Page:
In your typical American spoof of an over-amped, testosterone-pegged action film, the standing cliché seems to be to cast the hero as an incompetent bore, an anti-intellectual simpleton who bumbles his way through a handful of elaborately staged but unimaginative stunt scenes. Also, someone usually gets kicked in the crotch; often more than one someone.
Hot Fuzz, from the British creative team that brought us Shaun of the Dead, takes the exact opposite approach. Namely, they made a smart movie with a noticeable dearth of foot to testicle contact. Not surprisingly, it is a hell of a lot funnier than all three Rush Hour movies combined, even if you toss Delta Farce onto the scales.
Nicholas Angel (Simon Pegg) is a hyper-competent officer for London’s Metropolitan Police and his zeal for his job is starting to make his colleagues (and superiors) look bad by comparison. Their revenge is to promote him to Sergeant and exile him to the tiny, peaceful village of Sandford. Despondent but determined to uphold the same standards he had in London, Sgt. Angel has already rounded up a pub full of underage drinkers and busted a drunk driver before he even reports for duty.
Unfortunately, the drunk driver is the son of the local Chief Inspector (Jim Broadbent) and, even worse, his new partner. For his part, Officer Butterman (Nick Frost) is a simple young man whose primary source of law enforcement knowledge seems to come from movies like Point Break and Bad Boys II. He’s dazzled by the new sergeant from the big city and peppers him with questions about how Angel’s real life experiences compared to the movies.
Most of the actual policing in Sandford seems to be done by what’s called the “Neighbourhood Watch Alliance,” a collection of fussy local civic leaders who are more concerned with jugglers and street mimes than underage drinking. It seems that Sandford is a perpetual winner of the “Best Village in England” award and keeping that title is more important than the things that a big city cop like Angel would think are important.
Not long after Angel arrives, several local citizens perish in a series of grisly “accidents” that the sergeant begins to suspect may be murders. He has no evidence and the other officers, who resent the big city cop telling them how to do their job, savagely mock his certainty.
If you’ve ever sat through the blinding stupidity of a typical Michael Bay or Tony Scott film, Hot Fuzz will have you giggling like schoolboy almost from the first frame. The cinematography and editing are absolutely spot-on parodies of those movies. Even the most mundane moment of the film is punctuated by dramatic camera angles, quick cuts and wooshing sound effects.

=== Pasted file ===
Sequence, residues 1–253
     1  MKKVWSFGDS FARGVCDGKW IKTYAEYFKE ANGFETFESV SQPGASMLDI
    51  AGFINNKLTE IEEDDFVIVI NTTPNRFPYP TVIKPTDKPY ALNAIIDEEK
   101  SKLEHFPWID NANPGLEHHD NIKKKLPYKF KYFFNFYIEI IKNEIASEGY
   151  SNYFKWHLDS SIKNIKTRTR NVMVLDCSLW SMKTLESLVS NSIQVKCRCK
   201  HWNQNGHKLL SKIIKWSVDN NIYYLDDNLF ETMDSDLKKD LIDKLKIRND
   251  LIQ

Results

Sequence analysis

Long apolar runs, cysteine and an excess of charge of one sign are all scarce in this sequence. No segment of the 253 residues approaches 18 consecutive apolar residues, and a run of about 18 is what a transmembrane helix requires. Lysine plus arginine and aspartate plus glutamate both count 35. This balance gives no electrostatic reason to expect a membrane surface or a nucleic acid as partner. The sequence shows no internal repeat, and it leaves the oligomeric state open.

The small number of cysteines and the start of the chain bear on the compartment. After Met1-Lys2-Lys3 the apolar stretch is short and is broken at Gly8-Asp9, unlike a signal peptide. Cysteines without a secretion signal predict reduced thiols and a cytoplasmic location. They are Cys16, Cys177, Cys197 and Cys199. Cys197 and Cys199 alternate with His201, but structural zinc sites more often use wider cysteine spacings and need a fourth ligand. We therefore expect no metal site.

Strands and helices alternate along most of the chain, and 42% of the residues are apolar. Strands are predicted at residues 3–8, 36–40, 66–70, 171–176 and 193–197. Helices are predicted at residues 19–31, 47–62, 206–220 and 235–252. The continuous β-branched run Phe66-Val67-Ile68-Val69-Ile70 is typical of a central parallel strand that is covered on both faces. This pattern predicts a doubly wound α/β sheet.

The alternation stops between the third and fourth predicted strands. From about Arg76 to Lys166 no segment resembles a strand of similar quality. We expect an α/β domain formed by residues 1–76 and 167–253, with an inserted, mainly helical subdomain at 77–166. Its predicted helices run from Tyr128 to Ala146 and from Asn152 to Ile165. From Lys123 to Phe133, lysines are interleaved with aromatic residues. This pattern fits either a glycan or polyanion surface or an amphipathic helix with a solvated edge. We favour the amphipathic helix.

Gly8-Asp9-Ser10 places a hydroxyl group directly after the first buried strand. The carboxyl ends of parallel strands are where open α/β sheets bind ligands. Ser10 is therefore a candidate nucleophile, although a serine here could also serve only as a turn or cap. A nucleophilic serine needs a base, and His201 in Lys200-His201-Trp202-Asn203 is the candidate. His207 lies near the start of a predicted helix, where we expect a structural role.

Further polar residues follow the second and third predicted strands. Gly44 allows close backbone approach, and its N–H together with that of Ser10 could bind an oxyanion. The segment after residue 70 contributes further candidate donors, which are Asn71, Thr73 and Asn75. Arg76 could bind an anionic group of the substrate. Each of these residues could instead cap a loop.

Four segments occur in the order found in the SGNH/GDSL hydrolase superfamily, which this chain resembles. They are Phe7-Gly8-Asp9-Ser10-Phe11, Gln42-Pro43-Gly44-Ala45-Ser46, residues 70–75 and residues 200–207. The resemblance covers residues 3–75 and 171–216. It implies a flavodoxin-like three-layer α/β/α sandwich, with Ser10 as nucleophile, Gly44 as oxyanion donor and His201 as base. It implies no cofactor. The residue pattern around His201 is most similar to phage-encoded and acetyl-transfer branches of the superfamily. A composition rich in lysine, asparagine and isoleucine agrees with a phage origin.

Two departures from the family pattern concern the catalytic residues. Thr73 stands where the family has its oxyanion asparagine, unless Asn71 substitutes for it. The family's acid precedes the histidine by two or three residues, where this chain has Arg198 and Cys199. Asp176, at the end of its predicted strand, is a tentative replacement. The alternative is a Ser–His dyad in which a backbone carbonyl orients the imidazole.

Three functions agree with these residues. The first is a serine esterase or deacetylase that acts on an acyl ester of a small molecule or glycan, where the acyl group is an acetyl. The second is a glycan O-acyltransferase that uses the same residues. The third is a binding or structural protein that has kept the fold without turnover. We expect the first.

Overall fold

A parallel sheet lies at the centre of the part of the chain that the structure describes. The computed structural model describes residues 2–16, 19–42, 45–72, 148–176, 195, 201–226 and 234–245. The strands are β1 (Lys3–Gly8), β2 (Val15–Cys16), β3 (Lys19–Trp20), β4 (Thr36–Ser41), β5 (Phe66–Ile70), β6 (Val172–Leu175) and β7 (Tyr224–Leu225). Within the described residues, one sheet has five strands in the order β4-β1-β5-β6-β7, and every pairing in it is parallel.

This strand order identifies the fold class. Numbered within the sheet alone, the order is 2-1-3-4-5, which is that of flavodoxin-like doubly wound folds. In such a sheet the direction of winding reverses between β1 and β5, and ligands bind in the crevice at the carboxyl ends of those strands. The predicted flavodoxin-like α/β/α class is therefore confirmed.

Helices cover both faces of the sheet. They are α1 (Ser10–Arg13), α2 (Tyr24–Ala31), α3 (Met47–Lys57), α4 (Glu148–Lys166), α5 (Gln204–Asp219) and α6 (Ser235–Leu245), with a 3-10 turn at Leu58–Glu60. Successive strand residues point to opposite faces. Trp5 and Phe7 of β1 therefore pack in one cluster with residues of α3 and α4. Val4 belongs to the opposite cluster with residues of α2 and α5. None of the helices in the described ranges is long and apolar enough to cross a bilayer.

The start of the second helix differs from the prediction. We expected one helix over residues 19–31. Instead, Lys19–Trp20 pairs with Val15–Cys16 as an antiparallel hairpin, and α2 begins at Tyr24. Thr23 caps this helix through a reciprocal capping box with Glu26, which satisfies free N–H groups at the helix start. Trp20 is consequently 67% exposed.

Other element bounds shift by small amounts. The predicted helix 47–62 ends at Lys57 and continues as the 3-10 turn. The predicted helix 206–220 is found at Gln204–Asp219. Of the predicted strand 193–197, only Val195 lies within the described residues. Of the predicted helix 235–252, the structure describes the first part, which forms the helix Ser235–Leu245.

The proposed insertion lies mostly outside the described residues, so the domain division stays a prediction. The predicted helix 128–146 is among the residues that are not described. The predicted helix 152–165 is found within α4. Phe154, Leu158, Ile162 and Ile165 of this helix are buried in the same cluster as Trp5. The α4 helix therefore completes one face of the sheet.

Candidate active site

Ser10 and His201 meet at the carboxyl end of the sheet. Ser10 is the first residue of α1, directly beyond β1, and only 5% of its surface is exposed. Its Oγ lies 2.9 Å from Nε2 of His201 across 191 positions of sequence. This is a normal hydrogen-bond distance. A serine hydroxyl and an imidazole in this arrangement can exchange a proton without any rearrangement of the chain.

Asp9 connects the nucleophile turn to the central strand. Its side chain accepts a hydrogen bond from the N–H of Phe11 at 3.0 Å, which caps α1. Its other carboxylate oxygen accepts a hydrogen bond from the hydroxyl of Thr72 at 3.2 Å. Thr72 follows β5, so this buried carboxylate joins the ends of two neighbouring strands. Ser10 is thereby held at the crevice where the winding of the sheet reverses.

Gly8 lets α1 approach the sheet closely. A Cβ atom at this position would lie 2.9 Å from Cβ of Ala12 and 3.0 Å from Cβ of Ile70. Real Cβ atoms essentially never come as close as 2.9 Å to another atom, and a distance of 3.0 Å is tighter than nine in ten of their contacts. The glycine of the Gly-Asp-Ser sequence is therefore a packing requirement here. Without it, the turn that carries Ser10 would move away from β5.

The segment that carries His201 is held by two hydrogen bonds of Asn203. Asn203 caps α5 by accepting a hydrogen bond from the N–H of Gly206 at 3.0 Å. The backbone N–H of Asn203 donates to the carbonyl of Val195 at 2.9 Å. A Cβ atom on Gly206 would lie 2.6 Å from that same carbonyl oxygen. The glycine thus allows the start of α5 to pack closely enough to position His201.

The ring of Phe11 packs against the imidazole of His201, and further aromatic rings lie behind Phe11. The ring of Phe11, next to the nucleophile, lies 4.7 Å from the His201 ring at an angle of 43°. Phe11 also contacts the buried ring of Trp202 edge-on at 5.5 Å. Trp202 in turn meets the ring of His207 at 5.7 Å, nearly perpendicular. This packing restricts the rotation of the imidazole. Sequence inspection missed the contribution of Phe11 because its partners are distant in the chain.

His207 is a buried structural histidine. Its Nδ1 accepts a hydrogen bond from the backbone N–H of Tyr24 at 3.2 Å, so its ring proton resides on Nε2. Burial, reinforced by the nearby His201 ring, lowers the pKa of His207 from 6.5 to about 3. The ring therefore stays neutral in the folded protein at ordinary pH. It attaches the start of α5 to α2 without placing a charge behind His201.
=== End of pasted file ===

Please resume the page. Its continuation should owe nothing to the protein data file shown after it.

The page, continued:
Set against the pounding action film spoof is a gentler parody of the small town mysteries typified by shows like the Inspector Morse series. Sandford is peopled by a wide variety of stereotypically eccentric Brits, all of whom begin to fall under Angel’s suspicious gaze, especially Simon Skinner (Timothy Dalton), the slightly sinister owner of the local market (“I’m a slasher. . . of prices!”).
True to its source material, the last act of Hot Fuzz is a non-stop gun battle that ranges all across the tiny village. The action does not spring at all organically from the story, but of course in this movie, that’s entirely the point. Virtually every tired cliché of our action movies gets to be a punch line here.
A word to the wise, this movie honestly comes by its R rating here in the States. When I said the locals were dying in “grisly” accidents, I was not exaggerating. The violence in Hot Fuzz is graphic and over-the-top. However, it is so overblown that the effect is comic and not all that horrifying.
If you are a fan of action movies, you will find the satire in Hot Fuzz to be slashing (pardon the pun) but not condescending. Writer Pegg and writer-director Edgar Wright made this movie out of their love for this kind of movie, not contempt. Of course, if you think Bad Boys I and II are both crimes against Western civilization, you will also find plenty to enjoy here. Hot Fuzz both acknowledges and celebrates the stupidity of its inspirations.